By Steve Hickoff
As hunting strategies go, there are some traditional fall turkey approaches: you can passively wait for patterned wild turkeys to show up in range (calling optional). Do so either on the ground, in a blind, even from a treestand, or simply find a flock and attempt to scatter them on foot — then call them back. You can also locate once-silent turkeys and call them to your position.
Why these tactics? Patterning turkeys to see where they roost and feed can put you in range. Also relying on the fact flocked turkeys stay together by definition, you can separate birds then set up to call them to your setup position. They’ll return. Trust me.
In the latter scenario, separated birds want to regroup — especially autumn family flocks. Yes, it seems contradictory to find then scare individual flocked turkeys into flight (ideally in different directions; moving groups of birds together won’t work as well; aim to separate individuals). This relies on the chance you won’t be in good shooting range, but close enough to rush them on foot, or use a trained dog where legal.
Plus there’s nothing quite like a bunch of autumn turkeys hunting down your calling position. Wait on them. Scatter them and call them back. Call them to you after locating birds. It’s all good.
Fall or spring, wild turkeys call to contact flock members, to vocalize a sense of well-being, and to express alarm at a predator’s presence. Fact is they talk on a daily basis.
Roughly thirty call distinctions exist, while less than half of these are applicable as hunting calls. Some hunters tag birds regularly with only clucking and yelping. Others use as many calling vocalizations as possible.
Calling turkeys is an interactive game where the hunter speaks the language of wild birds to coax that quarry into range. As calling fall turkeys goes, imitate their vocalizations by age and sex to evoke a response from the kind of individual bird or flock you want to hunt.
In family groups, young birds-of-the year respond to kee-kees and kee-kee-runs. Brood hens use assembly calls — a long series of yelps — to gather separated flock members. Adult gobblers and broodless hens (the other two types of fall flocks) communicate with raspy yelps (gobblers), and higher-pitched yelps (hens), as well as clucking. Yes, male fall turkeys gobble, too.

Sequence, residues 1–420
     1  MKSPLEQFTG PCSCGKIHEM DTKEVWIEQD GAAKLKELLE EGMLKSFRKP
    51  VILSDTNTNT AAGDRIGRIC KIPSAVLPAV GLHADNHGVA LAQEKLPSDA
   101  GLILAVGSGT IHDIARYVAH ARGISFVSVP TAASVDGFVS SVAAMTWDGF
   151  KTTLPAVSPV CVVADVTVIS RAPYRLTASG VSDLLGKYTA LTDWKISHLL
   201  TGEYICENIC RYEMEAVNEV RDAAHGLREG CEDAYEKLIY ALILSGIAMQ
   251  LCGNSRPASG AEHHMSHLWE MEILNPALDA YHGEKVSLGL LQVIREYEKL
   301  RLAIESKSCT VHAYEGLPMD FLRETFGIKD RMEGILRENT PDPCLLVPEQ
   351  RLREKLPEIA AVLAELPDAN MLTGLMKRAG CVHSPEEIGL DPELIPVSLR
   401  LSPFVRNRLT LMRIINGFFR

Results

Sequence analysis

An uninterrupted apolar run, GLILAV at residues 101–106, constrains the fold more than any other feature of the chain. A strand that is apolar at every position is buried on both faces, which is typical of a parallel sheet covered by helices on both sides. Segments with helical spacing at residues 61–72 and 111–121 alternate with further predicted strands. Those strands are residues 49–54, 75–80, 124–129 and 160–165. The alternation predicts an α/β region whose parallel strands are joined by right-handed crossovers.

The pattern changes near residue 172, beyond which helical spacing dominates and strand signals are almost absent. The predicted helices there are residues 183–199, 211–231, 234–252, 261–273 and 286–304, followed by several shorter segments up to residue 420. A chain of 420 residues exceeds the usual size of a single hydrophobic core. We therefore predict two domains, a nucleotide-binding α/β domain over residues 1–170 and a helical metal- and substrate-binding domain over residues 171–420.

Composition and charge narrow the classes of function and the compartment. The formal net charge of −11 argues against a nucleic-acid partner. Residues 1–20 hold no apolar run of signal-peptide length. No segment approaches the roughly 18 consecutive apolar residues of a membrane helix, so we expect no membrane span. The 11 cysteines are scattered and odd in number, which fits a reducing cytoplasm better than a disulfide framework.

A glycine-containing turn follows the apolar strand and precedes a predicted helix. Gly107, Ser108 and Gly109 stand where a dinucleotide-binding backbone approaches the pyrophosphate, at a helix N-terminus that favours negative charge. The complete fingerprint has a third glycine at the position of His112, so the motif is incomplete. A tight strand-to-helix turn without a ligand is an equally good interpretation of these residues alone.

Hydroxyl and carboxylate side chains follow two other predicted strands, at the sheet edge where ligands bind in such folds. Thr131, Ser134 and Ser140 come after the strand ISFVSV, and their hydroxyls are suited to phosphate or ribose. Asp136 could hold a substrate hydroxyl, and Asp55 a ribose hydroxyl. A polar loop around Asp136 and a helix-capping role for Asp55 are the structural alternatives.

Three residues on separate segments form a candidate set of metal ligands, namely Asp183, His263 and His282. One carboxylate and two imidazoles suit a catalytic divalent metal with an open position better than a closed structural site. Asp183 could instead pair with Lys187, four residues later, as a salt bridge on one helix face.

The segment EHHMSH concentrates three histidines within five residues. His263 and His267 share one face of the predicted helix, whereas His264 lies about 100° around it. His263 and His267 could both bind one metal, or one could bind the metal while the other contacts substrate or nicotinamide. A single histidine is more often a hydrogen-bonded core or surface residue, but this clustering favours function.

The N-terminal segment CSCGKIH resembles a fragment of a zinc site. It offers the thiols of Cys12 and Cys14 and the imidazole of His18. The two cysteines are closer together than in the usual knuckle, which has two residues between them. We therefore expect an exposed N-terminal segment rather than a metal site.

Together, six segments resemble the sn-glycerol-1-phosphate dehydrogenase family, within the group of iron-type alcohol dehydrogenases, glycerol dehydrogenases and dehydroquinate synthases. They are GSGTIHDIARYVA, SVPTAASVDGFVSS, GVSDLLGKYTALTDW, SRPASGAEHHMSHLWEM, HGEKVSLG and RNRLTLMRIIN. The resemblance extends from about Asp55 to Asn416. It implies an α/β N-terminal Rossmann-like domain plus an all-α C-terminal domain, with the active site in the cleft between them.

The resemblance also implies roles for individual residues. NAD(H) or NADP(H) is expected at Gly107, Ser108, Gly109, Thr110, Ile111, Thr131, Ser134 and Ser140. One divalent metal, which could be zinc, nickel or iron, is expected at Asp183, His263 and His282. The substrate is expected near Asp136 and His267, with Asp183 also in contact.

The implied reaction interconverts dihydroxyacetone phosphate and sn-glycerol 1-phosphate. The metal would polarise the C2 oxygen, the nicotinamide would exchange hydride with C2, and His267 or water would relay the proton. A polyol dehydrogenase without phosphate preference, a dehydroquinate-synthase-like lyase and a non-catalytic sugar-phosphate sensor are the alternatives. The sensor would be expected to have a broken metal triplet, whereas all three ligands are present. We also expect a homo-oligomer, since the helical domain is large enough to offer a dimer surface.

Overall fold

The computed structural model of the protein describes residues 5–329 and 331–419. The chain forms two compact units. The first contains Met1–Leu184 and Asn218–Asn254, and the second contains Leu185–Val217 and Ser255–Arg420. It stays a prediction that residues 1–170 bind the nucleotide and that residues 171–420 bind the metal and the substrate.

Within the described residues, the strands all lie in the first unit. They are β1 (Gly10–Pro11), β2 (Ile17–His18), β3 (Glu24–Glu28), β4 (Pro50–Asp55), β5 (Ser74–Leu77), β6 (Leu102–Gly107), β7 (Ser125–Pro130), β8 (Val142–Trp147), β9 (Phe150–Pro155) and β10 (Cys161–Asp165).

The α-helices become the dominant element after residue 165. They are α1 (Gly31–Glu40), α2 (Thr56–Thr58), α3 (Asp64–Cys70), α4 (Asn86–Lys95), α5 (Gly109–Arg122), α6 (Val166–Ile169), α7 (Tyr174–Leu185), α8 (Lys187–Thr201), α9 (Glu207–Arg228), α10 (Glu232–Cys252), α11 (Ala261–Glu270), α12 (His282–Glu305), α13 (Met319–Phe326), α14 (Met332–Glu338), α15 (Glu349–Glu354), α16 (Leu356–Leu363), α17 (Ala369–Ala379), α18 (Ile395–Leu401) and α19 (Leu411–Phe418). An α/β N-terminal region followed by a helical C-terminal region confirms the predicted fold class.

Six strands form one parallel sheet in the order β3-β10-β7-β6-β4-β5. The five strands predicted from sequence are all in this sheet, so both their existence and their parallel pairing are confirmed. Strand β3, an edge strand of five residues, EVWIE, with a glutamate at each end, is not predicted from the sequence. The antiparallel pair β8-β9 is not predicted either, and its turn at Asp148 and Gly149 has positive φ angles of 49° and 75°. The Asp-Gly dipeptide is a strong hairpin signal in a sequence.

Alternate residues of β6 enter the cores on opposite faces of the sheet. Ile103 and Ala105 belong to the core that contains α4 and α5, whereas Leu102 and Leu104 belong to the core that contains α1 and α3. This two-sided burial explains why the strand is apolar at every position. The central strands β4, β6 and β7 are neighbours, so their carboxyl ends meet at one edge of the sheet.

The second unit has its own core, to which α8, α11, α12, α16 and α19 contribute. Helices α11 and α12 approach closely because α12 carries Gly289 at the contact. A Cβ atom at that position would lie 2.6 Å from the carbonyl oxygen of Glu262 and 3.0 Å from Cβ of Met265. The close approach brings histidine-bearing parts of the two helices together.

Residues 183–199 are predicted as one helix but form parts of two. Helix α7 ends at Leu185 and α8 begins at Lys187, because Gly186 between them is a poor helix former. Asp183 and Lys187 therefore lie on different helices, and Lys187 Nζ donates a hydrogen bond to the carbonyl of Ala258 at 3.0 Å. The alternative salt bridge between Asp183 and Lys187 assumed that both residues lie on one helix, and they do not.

You can imitate these vocalizations with the mouth and friction turkey calls on the market. Instructions for use are often provided, and time with the turkeys will help you master these tools.
Call softly, or aggressively, situation depending. Wild turkeys call to communicate in the wild, and at times, almost any turkey sound the human hunter makes chances at luring a curious bird in for a look. (Or not.) That’s the calling game. You need to interpret what you’re hearing from live birds to successfully imitate them.
Even if you don’t use the range of available calls, hearing live birds afield can clue you in to what might happen next. It helps you think like a turkey.
CLOSING THE DEAL
Your shotgun should be camouflaged or have a dull finish to avoid detection. It should also deliver a tight pellet pattern at optimum shooting range (20-40 yards). With wild turkeys, body shots are out. Aim for the head and neck to drop that bird cleanly. Know your gun and the loads it shoots.
If you hunt with a bow, get the turkey even closer: 10 to 20 yard shots are ideal. Use a blind to conceal your movements. Time your shot on a calm standing turkey in range. Your arrow’s broadhead should be turkey specific for solid flight and serious cutting diameter.
The effort here is to know what your gun or bow will do, and take that fall turkey cleanly.